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HOME > No.12, Feb 2018 > Feature Story : The Bright Side of Urban Shrinkage : Steps toward Restructuring Cities

The Bright Side of Urban Shrinkage:
Steps toward Restructuring Cities

Junichiro Asano

One urgent challenge resulting from the rapid population decline in Japan today is the problem of urban shrinkage. Professor Junichiro Asano is engaging in this major theme from the viewpoint of a “land utilization plan”: an approach to prevent city dilution; a way to utilize the sprawling empty space and abandoned houses; and a method to maintain or reconstruct the city to be an attractive and comfortable place to live in. As a specialist, he is keen to present the problems after fully understanding the current conditions and tasks, and to encourage people to discuss the newly proposed suggestions.

Interview and report by Madoka Tainaka

Making the current problems clear, taking the role of the City Planning Law into account

In August 2017, The Architectural Institute of Japan published a book entitled “Land utilization plan during the urban shrinkage period: Challenges and approaches to create a diverse urban space.” The leader who coordinated this book project, Professor Junichiro Asano, served as the chief examiner for the “Land Utilization Problems Committee” of this institute for over four years until last year. His research achievements included writing part of the book, and engaging in selecting writers, including international researchers.

Professor Asano explains “the purpose of this book was to lay out the challenges of land utilization plans in full, clarifying the current challenges and identifying problems. In more concrete terms, the book is split into two parts: Symptoms and Solutions; and individual problems occurring in both metropolitan areas and provincial cities are explained in detail.”

The main theme of the book is the land utilization plan system which Professor Asano specializes in: the so-called “dividing system” and “development permission system.” The dividing system is a system classifying urbanization promotion and control areas based on the City Planning Law. The development permission system secures the purposes of this classification. Both systems work for the purpose of healthy urban development, by restricting areas to be developed and promoting planned urbanization.

Fig.1 Area division operation and future shrinking plan in Gifu city

Professor Asano explains, “These systems were established pursuant to the new City Planning Law, which became effective in 1968, and Japan can rightly be proud of them. Originally, they were made for the purpose of systematically designing urban district development, in preparation for future population increases. However, these systems later also functioned as a major deterrent of suburban sprawl. They are valuable systems and should continue to be maintained in the future for the purpose of environmental protection in rural areas and the promotion of sensible planning for making cities compact. However, various operational issues were discovered following a decrease in population. Pointing out these challenges and suggesting their solutions is one of the objectives of my research.”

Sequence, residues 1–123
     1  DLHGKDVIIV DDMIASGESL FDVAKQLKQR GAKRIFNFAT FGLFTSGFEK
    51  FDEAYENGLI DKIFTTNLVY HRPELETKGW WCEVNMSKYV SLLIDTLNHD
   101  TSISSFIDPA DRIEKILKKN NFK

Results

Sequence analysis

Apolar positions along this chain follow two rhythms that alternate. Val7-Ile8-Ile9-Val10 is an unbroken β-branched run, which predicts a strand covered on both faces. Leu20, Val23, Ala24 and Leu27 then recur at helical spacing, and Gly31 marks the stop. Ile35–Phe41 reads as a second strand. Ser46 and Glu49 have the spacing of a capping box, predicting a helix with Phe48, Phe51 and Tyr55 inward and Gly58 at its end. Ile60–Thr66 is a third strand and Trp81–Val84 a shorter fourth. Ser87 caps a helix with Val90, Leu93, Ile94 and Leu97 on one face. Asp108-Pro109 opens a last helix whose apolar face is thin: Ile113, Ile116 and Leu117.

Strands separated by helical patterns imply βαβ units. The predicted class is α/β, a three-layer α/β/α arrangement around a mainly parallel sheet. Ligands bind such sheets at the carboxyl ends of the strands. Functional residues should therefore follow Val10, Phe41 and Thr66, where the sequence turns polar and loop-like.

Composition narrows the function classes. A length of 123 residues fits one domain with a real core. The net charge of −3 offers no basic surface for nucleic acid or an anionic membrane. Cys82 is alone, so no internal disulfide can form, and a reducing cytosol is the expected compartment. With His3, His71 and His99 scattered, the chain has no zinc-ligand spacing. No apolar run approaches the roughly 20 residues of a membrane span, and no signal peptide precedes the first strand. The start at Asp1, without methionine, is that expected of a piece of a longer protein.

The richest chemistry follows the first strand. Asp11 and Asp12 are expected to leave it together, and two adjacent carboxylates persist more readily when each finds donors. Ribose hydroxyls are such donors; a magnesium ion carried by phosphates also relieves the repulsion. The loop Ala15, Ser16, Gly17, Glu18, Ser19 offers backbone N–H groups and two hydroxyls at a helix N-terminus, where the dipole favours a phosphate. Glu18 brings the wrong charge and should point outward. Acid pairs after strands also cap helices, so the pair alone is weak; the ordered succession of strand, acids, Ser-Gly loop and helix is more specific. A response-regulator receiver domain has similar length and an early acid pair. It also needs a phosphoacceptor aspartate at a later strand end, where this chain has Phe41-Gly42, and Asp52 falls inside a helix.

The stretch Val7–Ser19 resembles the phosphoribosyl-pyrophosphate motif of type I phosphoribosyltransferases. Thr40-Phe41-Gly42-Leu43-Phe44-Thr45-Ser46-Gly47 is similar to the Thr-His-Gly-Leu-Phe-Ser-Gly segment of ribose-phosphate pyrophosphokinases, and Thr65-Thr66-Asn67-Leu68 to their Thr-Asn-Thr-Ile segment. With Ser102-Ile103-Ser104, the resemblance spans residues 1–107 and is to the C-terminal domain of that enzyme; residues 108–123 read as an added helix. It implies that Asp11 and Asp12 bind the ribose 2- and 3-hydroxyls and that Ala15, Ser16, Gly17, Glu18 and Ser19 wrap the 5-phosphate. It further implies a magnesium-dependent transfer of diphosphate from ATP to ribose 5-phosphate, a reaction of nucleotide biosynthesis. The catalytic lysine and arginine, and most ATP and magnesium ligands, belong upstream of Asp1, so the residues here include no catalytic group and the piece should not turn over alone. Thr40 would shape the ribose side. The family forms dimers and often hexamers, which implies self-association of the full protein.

Need for a land utilization plan that can adapt to changes over time

So far the City Planning Law has undergone several major amendments in response to the slowing of population growth and the new reality of an aging society. In 2000, a major amendment was made to include deregulation measures, and in 2006, the amended City Planning Law was established, including strict regulation of large scale shopping and leisure centers regarding opening their stores in the suburbs, and expanding the development permission system to include public facilities. These amendments gradually paved the way for introducing city functions and residential areas in accordance with social changes.

However, Professor Asano indicates that today the existing model is facing difficulties of maintaining a healthy city appearance.

“The premise of the conventional basic land utilization plan is beginning to show cracks due to urban shrinkage. If the population density in an area designated for urbanization falls below 40 people per hectare, maintaining the city planning area becomes difficult. Now, some areas designated for urbanization are forced to shrink because of reclassification. Decline in population density in cities will be an inevitable problem in the future, and discussion on the appropriate density is required.”

Due to population decrease, area shrinkage seems necessary for maintaining city functions. However, on the other side of the compact city debate is the fear that the suburbs may be abandoned.

Then, in 2014, the Location Adequacy Plan pursuant to the amended Urban Renaissance Special Measure Law was formulated. “This is an idea of gradually shrinking not only the central business district but also connected areas, by creating multiple cores in suburbs and connecting them to public transportation and other networks. Constructing welfare facilities in the cores allows for the creation of senior friendly towns, and the shrinkage plan will be reviewed every five years in order to align with current circumstances.”

Fig.2 Shrinking situation in Nagasaki city

In recent years, various regional revitalization programs were started by means of the “Town, People, and Work Creation Law” to address the overconcentration of the population in the Tokyo area and to improve the appeal of all regions across the country. In 2015, the Special Measures Concerning Unoccupied Housing Act came into effect. These programs show a national intention of giving a soft landing to the urban shrinking problem through establishing new regulations while effectively utilizing the current law systems.